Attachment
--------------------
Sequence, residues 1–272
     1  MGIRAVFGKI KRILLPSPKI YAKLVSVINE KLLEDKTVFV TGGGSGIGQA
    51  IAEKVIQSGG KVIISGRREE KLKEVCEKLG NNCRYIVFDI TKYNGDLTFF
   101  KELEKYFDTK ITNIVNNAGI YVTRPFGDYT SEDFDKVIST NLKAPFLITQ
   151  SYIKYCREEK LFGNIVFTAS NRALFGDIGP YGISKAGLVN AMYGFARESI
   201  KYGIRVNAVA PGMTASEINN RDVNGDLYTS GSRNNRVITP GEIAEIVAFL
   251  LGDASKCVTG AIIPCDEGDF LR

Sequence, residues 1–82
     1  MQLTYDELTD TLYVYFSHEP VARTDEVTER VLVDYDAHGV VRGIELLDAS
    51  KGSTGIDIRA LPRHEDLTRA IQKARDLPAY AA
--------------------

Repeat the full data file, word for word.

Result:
Sequence, residues 1–272
     1  MGIRAVFGKI KRILLPSPKI YAKLVSVINE KLLEDKTVFV TGGGSGIGQA
    51  IAEKVIQSGG KVIISGRREE KLKEVCEKLG NNCRYIVFDI TKYNGDLTFF
   101  KELEKYFDTK ITNIVNNAGI YVTRPFGDYT SEDFDKVIST NLKAPFLITQ
   151  SYIKYCREEK LFGNIVFTAS NRALFGDIGP YGISKAGLVN AMYGFARESI
   201  KYGIRVNAVA PGMTASEINN RDVNGDLYTS GSRNNRVITP GEIAEIVAFL
   251  LGDASKCVTG AIIPCDEGDF LR

Sequence, residues 1–82
     1  MQLTYDELTD TLYVYFSHEP VARTDEVTER VLVDYDAHGV VRGIELLDAS
    51  KGSTGIDIRA LPRHEDLTRA IQKARDLPAY AA